Teacher Quality Study Grades Nevada a C- - 8 News NOW

Teacher Quality Study Grades Nevada a C-

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LAS VEGAS -- Nevada is making progress in its efforts to improve the quality of its teachers. The Silver State ranks seventh out of the 50 states in a report released Wednesday.

The National Council on Teacher Quality report graded Nevada a C-. That's up from a D- two years ago.

The Washington-based policy group calls the report the 2011 State Teacher Policy Yearbook and reviews all 50 states in-depth. The report for Nevada is more than 150 pages.

The report is funded largely in part by the Bill and Melinda Gates Foundation and other private donors and foundations.

It looks closely at five key areas, including how well prepared teachers are, whether good teachers are being kept in the classroom and whether teachers who don't have adequate certificates are allowed to teach.

Nevada improved in all but one of the areas compared with its grades in 2009. The policy group graded the state a D- both years in the area of delivering well prepared teachers to the classroom. That's the lowest graded area.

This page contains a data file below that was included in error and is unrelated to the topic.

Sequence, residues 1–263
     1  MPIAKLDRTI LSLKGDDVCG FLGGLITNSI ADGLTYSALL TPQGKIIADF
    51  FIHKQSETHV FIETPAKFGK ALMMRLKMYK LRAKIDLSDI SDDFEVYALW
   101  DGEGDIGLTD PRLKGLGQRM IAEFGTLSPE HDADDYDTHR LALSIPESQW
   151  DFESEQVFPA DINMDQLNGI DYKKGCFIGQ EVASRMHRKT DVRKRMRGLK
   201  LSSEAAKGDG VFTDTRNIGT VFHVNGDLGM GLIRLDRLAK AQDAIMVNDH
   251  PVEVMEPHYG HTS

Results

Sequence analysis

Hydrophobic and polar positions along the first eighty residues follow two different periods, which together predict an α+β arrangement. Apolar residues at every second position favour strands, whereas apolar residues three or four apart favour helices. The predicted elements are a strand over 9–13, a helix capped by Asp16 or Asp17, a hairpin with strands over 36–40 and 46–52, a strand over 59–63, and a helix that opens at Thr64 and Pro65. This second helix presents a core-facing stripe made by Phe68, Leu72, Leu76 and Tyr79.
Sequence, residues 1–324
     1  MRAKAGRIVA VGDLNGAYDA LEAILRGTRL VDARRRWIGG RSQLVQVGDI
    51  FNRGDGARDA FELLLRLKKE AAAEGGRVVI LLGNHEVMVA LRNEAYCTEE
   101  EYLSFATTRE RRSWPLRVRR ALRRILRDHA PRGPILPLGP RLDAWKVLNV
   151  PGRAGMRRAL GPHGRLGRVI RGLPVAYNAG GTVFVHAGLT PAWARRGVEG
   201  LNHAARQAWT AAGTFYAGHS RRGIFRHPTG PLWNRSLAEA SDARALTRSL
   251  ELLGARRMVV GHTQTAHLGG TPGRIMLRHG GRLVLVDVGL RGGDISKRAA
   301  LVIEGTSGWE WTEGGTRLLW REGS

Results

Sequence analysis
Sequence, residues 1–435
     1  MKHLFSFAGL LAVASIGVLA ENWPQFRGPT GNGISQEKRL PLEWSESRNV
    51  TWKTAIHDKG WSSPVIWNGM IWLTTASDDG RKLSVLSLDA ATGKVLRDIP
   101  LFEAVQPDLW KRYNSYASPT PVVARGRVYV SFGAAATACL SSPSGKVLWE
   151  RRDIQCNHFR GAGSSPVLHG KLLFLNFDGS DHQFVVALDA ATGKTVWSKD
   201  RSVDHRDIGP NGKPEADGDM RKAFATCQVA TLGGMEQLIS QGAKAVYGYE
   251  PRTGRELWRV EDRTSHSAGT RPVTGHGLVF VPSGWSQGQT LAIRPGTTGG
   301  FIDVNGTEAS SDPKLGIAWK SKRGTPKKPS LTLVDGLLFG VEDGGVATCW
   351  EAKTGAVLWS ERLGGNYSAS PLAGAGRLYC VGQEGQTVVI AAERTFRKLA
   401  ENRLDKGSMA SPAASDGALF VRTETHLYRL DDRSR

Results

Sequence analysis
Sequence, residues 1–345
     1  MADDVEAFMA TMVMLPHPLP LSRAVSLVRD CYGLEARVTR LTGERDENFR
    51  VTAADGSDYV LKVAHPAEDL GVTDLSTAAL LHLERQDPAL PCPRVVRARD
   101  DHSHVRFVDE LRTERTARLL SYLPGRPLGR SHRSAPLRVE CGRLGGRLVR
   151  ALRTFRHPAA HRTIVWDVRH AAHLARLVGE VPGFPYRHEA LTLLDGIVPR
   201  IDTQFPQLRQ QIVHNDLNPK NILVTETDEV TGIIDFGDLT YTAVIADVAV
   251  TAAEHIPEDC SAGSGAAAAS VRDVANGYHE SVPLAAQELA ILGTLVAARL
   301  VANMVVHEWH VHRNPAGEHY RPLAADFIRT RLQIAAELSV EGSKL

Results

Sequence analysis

"We are encouraged that the report shows Nevada is making progress in the right direction," said Amanda Fulkerson, spokesperson for the Clark County School District. "We will continue to advocate for reforms that put our students first and hold adults accountable for their success."

The report highlights progress made including tenure decisions being linked to the effectiveness of a teacher and consequences implemented for poor evaluations.

"Clark County School District has been working diligently with our representatives in Carson City to develop fair accountability measures for teachers," said Fulkerson.

No state received an A grade in the report. The state with the highest grade was Florida with a B. Montana earned the lowest letter grade with an F.

To read the report visit the 2011 State Teacher Policy Yearbook

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